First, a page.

As the Affordable Care Act continues to draw more critics, it also, through its implementation, is leaving more and more Americans uncertain as to the availability and cost of their health care in years to come. Whether their fear will be reflected in decreased consumer confidence, either in the last few months of this year or perhaps early into 2014, remains to be seen.
But, as we all know from past bubbles that have burst, "leading economic indicators" often aren't so leading. That means that at some point early into the new year, the Fed may feel that the economy is stronger than it truly is and begin the reduction in bond buybacks that seems to have Wall Street gurus quaking in their boots.
About that same time, Congress will start considering the debt ceiling, which by most calculations must be addressed in real terms by March or April. Emboldened GOP conservative members of the House and Senate believe that Obamacare will be so unpopular by then that they will be capable of holding the raising of the debt ceiling hostage as a bargaining chip to kill off Obamacare. They might be right.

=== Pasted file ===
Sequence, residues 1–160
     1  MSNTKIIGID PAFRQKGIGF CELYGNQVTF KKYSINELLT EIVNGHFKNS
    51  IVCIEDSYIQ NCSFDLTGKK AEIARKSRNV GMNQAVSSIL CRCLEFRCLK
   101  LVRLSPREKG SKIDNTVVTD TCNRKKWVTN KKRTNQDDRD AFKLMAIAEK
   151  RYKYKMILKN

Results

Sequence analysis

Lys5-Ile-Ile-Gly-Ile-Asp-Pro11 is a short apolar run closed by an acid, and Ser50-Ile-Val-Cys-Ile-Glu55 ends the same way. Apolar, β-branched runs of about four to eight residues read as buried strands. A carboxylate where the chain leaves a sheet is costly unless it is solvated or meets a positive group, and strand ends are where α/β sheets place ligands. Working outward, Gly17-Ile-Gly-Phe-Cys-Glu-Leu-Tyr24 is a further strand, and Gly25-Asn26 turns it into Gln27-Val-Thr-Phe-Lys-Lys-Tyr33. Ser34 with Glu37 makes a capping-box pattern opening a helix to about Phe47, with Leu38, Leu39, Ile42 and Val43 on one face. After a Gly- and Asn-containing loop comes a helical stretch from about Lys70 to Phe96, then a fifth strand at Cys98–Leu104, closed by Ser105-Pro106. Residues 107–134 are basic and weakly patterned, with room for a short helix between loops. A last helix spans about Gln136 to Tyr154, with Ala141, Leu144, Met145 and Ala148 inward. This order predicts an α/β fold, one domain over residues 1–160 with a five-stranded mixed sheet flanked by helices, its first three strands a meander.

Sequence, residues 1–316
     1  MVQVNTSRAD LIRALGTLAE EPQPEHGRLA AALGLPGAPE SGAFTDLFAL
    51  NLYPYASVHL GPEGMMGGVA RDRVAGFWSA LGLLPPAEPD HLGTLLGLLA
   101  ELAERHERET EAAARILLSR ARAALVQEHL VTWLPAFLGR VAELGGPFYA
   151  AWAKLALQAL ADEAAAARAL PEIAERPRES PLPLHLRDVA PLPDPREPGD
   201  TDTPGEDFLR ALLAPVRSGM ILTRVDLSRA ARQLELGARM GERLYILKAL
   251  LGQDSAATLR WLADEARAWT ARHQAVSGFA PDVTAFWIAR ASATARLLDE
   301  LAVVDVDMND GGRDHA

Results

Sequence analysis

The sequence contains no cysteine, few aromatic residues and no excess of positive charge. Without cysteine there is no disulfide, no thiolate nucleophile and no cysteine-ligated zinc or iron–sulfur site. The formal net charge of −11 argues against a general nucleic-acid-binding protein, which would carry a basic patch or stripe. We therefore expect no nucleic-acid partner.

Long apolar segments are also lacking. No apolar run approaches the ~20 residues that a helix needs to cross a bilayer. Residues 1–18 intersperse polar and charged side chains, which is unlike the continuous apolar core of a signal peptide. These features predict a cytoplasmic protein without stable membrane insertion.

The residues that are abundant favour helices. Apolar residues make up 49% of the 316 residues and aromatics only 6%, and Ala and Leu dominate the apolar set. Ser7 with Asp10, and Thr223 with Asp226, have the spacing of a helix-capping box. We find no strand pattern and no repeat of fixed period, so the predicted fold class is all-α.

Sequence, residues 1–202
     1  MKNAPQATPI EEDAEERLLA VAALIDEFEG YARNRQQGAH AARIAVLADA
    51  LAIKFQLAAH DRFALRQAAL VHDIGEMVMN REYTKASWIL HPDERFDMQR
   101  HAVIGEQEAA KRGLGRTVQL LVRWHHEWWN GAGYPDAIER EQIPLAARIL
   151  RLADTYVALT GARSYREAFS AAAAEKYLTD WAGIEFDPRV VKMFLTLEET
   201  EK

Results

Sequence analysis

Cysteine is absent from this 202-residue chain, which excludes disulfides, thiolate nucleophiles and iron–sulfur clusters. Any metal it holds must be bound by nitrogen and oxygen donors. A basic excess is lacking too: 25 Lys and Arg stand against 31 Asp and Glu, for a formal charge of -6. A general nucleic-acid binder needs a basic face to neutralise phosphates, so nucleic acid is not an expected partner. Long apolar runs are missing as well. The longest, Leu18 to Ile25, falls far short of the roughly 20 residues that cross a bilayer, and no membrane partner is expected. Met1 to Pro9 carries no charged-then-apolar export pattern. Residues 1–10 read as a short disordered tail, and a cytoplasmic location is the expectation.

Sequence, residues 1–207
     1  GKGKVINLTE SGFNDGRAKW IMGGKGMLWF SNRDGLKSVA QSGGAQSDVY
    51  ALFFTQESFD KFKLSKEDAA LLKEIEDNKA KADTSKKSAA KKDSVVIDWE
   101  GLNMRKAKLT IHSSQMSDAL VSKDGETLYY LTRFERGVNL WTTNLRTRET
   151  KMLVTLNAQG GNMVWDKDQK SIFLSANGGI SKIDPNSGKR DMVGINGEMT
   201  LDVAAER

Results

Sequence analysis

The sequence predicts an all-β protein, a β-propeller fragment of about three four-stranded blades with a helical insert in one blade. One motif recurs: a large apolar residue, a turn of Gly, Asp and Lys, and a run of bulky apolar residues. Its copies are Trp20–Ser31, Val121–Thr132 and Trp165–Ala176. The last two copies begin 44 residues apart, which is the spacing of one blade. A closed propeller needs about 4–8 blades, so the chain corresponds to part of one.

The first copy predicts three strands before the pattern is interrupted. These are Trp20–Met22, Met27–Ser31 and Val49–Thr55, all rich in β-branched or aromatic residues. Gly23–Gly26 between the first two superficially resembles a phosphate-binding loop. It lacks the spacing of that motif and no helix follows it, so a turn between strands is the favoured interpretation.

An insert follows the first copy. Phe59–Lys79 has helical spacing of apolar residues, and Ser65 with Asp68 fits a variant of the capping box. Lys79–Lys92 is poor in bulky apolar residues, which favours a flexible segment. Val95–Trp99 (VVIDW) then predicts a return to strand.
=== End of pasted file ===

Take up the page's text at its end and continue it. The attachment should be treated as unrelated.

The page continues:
But by around March it is possible that the wizards of Wall Street will suddenly feel a squeeze from the Fed. That could come just as they suddenly realize that conservatives might just have the juice and the courage to call the bluff of President Obama and the endless parade of bankers and CEOs he always frightens into joining him, who will be demanding that, once again, the nation should take on more debt.
Of course the elite media and pundits will expect the Republicans to back down for fear of dire economic consequences. What many of those Republicans will know is that, but that time, the party for the White House and Wall Street may well already be coming to an end both politically and financially.
I wouldn't want to be President Obama or a Democrat after that ... and I probably wouldn't want to be heavily invested in Wall Street's house of cards, either.